written on Thursday, November 28, 2013
I firmly believe that one of the biggest reasons for the perceived high quality of lots of Open Source code is that the developers are generally happier writing it. Lots of people in the Open Source community develop something that solve particular problems they have themselves. But what happens when you no longer have problems to solve?
I found it quite hard this year to work on my own projects because the bug trackers were full of things I personally did not really care about. The things I wrote over the last few years all work so well for me, that I don't need to fix problems or add things. When there is something that needs fixing, I will work on it, but otherwise I don't necessarily get the motivation to work on it.
A big reason for this is that I need to split my available time between work, my open source projects, learning new things and private life. Lately when I open the bug-tracker for my projects I get an overwhelming feeling of failure. github shows me 500 unprocessed notifications and my inbox is now up to 100 unreplied mails, many of which I regret not replying, but after a while it seems pointless to reply.
The unfortunate truth is that some things in my life started acting on their own without me having much control over it. Somehow it happened that on PyPI I am (was?) one of the authors with the most downloads and split across multiple projects and that sort-of happened by itself. It's incredible motivating to see people using my software but at the same time I fundamentally failed on reducing the bus factor so far.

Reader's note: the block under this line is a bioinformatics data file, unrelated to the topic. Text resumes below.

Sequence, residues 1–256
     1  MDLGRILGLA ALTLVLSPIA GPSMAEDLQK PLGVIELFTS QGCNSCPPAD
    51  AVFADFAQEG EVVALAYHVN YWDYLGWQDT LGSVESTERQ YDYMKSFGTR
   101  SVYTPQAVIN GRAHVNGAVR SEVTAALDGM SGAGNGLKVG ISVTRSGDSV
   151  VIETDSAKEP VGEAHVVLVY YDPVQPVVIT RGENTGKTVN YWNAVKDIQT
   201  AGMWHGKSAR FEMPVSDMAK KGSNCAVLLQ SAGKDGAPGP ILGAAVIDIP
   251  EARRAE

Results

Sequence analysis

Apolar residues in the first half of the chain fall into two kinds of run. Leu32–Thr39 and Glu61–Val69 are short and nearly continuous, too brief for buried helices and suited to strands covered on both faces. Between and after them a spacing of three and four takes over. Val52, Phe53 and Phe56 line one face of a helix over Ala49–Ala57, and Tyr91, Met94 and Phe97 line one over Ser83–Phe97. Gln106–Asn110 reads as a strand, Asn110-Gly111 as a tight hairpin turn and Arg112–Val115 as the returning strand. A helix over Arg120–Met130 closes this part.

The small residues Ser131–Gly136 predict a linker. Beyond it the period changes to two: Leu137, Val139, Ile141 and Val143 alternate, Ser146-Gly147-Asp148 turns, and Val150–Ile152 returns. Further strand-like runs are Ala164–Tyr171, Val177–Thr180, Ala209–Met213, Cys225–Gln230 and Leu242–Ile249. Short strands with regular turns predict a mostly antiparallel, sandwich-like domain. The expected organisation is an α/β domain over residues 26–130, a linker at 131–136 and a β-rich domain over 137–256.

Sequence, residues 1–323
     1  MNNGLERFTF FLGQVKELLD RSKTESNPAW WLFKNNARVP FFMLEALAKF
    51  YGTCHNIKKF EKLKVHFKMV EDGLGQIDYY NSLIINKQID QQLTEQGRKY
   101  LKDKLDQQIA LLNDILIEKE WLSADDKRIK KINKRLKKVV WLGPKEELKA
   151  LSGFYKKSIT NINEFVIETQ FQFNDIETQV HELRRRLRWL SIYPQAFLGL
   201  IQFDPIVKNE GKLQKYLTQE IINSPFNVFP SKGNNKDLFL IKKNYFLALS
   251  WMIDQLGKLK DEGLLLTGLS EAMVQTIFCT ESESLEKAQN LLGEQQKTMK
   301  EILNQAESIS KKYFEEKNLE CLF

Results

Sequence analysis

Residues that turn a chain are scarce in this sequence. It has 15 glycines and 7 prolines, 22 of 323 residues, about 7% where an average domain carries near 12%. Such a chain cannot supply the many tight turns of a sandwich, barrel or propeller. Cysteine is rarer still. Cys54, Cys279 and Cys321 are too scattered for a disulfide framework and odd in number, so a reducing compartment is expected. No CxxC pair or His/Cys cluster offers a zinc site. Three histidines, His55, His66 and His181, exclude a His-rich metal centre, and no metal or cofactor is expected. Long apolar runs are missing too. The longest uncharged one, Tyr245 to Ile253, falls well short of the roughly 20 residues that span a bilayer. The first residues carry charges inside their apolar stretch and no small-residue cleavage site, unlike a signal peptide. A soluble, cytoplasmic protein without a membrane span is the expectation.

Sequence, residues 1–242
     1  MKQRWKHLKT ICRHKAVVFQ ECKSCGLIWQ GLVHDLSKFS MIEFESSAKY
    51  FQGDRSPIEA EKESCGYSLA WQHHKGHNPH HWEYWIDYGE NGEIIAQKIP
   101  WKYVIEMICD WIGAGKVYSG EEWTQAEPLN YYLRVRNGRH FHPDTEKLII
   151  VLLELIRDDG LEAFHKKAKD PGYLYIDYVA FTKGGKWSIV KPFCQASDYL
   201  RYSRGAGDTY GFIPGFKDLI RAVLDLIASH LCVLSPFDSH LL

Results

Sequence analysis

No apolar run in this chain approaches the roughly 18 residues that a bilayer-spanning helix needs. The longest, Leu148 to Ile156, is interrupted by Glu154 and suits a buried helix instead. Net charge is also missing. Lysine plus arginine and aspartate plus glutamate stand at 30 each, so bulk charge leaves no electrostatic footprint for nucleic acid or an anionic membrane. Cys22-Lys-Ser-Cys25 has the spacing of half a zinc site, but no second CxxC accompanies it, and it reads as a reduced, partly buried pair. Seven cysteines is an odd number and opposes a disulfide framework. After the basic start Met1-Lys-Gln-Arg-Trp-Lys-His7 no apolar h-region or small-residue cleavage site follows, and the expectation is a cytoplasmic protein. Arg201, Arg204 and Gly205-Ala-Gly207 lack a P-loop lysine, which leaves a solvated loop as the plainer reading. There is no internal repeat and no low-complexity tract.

This year I have spent a lot more time with keeping Splash Damage and Fireteam stuff running than with my Open Source projects. Not because there was a lot of need for it, but because I had more fun with it. I mentioned this up before, but the whole porting to Python 3 thing has killed so much motivation for working on my project for me. I cannot use Python 3 in practice and having to deal with issues I don't have myself is one of the most frustrating things.
I think this is however also always the biggest advantage of Open Source, especially if it's BSD licensed. Even though the project's author might at one point not be contributing as much to the project as before, you have full access to everything. You will never end up in an unfixable situation. This is in a strong contrast to how the proprietary world looks like. Commercial funding in a project might generally keep it more active, at least for as long as money flows, but commercial interests might not be yours. Companies get acquired, licensing deals change and you might be left from one day to the other in a situation where you need to switch technology because it's just no longer available. I have seen this happening.
With all that in mind I am currently trying to get things sorted out to everybody's satisfaction. It's unacceptable that issues hang around unprocessed this long.
Open Source can be hard sometimes.